The Department of Education is currently issuing payment refunds to borrowers who made federal student loan payments during the Covid-19 Pandemic.
This relief includes payments that were made by an automatic direct deposit and by manual withdrawal. Borrowers who have had wages garnished are also eligible for a refund.
All borrowers should check to see if they can qualify for a refund, including those that paid extra in an attempt to pay down their debt.
Covid-19 Refund Basics
As of March 13, 2020, the Department of Education suspended payments and interest on all federally held student loans.
The interest and payment freeze currently expires on September 30th, 2021, but it may be extended further. The government has already extended the Covid-19 relief several times.
Borrowers have the right to a refund on all payments made after March 13, 2020.
What About Student Loan Forgiveness?Even though the Department of Education has suspended payments and interest, borrowers can continue to work towards student loan forgiveness. This includes Public Service Loan Forgiveness and Income-Driven Repayment Forgiveness. Borrowers do not need to make payments to have the Covid-19 relief time count towards forgiveness.
How to Get a Refund
In most cases, getting a student loan payment refund requires a phone call to your loan servicer.
Servicers MyFedLoan and Great Lakes do not have an automated process for getting a refund. However, they have acknowledged the refund policy on their respective pages and instructed borrowers to call them to initiate a refund.
Before calling to request a refund, borrowers should log in to their loan servicer account to pull up their payment history. Borrowers will need this information to verify that they receive a refund for all eligible payments.
To qualify for a refund, borrowers do not need to show a hardship or that the Covid-19 pandemic has impacted them. The only requirement is that they request a refund.
Why Should All Borrowers Request a Refund?
During the pandemic, many borrowers have continued to make payments on their student loans. These borrowers continued to make payments to take advantage of the 0% interest and reduce their balance.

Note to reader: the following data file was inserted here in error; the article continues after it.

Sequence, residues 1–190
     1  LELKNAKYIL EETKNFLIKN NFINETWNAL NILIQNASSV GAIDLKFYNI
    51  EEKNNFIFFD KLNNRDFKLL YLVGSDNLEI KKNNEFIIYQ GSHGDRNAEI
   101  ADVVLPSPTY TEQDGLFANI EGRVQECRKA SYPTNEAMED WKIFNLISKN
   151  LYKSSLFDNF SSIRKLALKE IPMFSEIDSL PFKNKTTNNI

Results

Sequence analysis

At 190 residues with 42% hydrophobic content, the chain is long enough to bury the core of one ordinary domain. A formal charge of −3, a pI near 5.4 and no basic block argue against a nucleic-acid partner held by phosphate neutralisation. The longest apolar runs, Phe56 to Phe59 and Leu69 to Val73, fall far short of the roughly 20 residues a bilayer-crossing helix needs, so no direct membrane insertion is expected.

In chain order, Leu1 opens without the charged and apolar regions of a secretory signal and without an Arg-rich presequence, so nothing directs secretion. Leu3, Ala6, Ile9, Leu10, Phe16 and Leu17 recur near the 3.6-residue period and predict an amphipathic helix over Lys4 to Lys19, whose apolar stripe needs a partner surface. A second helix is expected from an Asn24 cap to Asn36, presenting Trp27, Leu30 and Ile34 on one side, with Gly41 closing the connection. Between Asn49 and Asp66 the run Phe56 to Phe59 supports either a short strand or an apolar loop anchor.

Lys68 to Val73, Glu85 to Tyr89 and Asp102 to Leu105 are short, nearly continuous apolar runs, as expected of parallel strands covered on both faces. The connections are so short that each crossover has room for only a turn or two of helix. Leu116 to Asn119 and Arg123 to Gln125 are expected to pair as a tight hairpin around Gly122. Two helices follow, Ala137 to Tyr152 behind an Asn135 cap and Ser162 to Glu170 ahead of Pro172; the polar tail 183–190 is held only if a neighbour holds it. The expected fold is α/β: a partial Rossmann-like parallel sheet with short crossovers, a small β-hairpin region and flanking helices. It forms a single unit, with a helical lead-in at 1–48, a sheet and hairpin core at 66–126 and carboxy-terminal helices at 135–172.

The borrowers making extra payments should be applauded for their initiative, but there is a better way to manage federal debt during this time.
Rather than making payments, borrowers should set aside money for their federal student loans in a high yield savings account. After the Covid-19 relief, borrowers can make a large student loan payment using the money set aside.
The minor inconvenience of asking for a refund is nothing compared to the many advantages.
The Advantages of Getting a Covid-19 Refund on Federal Student Loan Payments
Student Loan Forgiveness – There is growing support for some form of student loan forgiveness for borrowers. One proposal calls for the forgiveness of $10,000 worth of federal loans for all borrowers. Another leading proposal would wipe away $50,000 worth of debt. Even though both proposals are highly unlikely to become a reality, it is possible. If the improbable happens, failing to get a timely refund could cause borrowers to miss out.
Earn Extra Interest – The battle against student debt is a fight against interest. Each day student loans generate more interest. The payment and interest freeze is the one time that borrowers can afford to wait to make payments. Rather than paying down a student loan balance, the money can sit in a high-yield savings account working for the borrower.
Flexibility in an Emergency – This is the biggest and most important reason to get a refund on previous payments. The Covid-19 pandemic has created a lot of economic uncertainty. Some people are getting sick and unable to earn a living, while others keep their job but face massive medical bills. Those that stay healthy may see their jobs eliminated. A larger emergency fund is a valuable resource. When the interest freeze eventually ends, borrowers can reexamine their plan. For now, there is no harm in setting aside student loan payments for a rainy day.